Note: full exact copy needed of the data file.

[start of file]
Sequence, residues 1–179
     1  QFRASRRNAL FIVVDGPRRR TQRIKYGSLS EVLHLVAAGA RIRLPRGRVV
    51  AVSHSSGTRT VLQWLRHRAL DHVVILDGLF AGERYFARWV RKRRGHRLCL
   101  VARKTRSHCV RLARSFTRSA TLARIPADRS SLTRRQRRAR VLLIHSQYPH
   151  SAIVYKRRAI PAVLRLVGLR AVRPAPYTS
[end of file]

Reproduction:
Sequence, residues 1–179
     1  QFRASRRNAL FIVVDGPRRR TQRIKYGSLS EVLHLVAAGA RIRLPRGRVV
    51  AVSHSSGTRT VLQWLRHRAL DHVVILDGLF AGERYFARWV RKRRGHRLCL
   101  VARKTRSHCV RLARSFTRSA TLARIPADRS SLTRRQRRAR VLLIHSQYPH
   151  SAIVYKRRAI PAVLRLVGLR AVRPAPYTS